# Venn Diagrams Introduction

The above picture is called a “Venn Diagram”, or “Venn-Euler Diagram”.

It shows the similarities and differences between Moths and Butterflies.

The characteristics of moths have been placed in the green circle, and butterflies in the blue circle.

Because the two insects have some common features, the two circles have been made to overlap each other.

The common features are put into this common area, where the two circles cross each other and overlap.

This overlapping region is called the “Intersection” of the Venn Diagram.

The diagram is put inside a big rectangle which is called the “Universal Set”.

The “Universal Set” rectangle contains inside it everything that we have listed about Moths and Butterflies.

Definition of a Set

A “Set” is a collection of items that belong to a well defined category or group.

For example, a fish belongs to the group of animals which live in water.

Sets are enclosed in pairs of curly brackets { }

For example, we could write the following for the set of our favorite animals which live in water:

Water Animals = { Fish, Eel, Platypus }

Elements” are the items in sets.

Eg. “Fish” is an element of { Water Animals } .

We can have another set of our favorite animals written like this:

Two Legged Animals = { Birds, Bats }

When we draw the Venn Diagram for these two sets, there is nothing in common between the two groups.

We call these two sets “Mutually Exclusive”. This means any item must belong to only one of the sets, and the two sets have nothing in common.

Complementary Sets

The “complement” of a set is everything not in that set. (Symbol A’)

For our previous two circles inside the rectangle universal set, we have the two sets:

Water Animals = { Fish, Eel, Platypus }

Two Legged Animals = { Birds, Bats }

The complement of Water Animals is all of the animals in our Venn Diagram that are not inside the Water Animals circle.

Therefore the complement of the Water Animals is the set:

Water Animals’ = { Bird, Bat }

Two Circle Venn Diagram

Let’s change our previous example so that it now contains the following Universal set of Animals:

E = Everything = { Fish, Eels, Platypus, Penguins, Eagles, Bats }

We are going to use a Venn diagram to divide these animals into the following two sets:

“Water Animals” and “Two Legged Animals” .

When we do this, we find that Penguins belong in both groups:

E = Everything = { Fish, Eels, Platypus, Penguins, Eagles, Bats }

Water Animals = { Fish, Eels, Platypus, Penguins }

Two Legged Animals = { Eagles, Bats, Penguins }

This means that on our Venn Diagram, we will need to have two overlapping circles, so that we can put Penguins inside both circles.

Union of Sets

The union of two sets is everything that is contained within the two circles joined together.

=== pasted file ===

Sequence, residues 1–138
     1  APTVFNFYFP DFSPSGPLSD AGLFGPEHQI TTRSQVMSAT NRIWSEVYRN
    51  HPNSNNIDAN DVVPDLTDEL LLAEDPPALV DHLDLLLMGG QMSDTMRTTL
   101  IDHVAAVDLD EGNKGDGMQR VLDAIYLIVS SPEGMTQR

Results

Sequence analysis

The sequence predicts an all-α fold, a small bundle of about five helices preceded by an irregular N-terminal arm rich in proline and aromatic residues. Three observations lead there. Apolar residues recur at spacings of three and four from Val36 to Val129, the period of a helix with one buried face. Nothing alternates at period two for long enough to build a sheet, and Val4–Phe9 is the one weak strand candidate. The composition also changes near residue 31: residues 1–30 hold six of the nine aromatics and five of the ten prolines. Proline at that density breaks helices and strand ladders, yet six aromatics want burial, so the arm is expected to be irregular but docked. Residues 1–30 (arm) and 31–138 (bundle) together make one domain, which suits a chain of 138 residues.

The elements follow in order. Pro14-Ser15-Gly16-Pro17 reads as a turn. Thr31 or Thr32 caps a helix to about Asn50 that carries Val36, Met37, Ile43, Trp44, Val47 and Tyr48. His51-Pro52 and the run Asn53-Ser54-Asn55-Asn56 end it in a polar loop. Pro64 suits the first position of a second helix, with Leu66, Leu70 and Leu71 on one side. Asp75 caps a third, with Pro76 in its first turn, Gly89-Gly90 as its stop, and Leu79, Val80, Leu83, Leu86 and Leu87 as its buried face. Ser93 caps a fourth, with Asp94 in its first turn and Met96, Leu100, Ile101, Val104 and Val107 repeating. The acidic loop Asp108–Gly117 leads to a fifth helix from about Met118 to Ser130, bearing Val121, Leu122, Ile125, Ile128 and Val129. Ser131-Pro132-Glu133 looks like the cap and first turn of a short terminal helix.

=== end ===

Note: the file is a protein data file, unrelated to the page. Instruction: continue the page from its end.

It is the combined total of the two sets, where each item is only listed once.

For our Venn Diagram of Two Legged Animals and Water Animals, we have:

{ Two Legged Animals } Union { Water Animals } =

{ Fish, Eels, Platypus, Penguins, Eagles, Bats }

Union is often written using a big “U” symbol, or the word “OR”.

Difference Between “OR” and “AND”

The word “OR” is used for Union.

“OR” actually means that everything in our Union answer set is either in one circle, OR in the other circle.

The word “AND” in sets is used for “Intersection” and means that the item is contained in both sets.

Venn Diagrams with Counts

Often Venn Diagrams do not list all the individual item names in the diagram.

Instead they list a count of how many items there are in each particular group.

This is shown in the diagram below, where we have converted our Animals Diagram into a Counts Diagram.

Venn Diagrams Summary

The main concepts covered in this introduction have been Union, Intersection, Mutually Exclusive, and Complements as applied to two circle Venn Diagrams.

Image Source: Passy’s World of Mathematics

Image Source: Passy’s World of Mathematics

Image Source: Passy’s World of Mathematics

Image Source: Passy’s World of Mathematics

Image Source: Passy’s World of Mathematics

Image Source: Passy’s World of Mathematics

The following is a good example of how Intersection and Union work in Venn Diagrams.

Here is a short video about Intersection

Here is a musical video showing Intersection. It is a bit out there but gets the point across.

Here is a Video all about Union of sets.

Here is a Video all about Set Notation.

Here is a video which shows some more advanced aspects of Intersection of sets.

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Enjoy,
Passy

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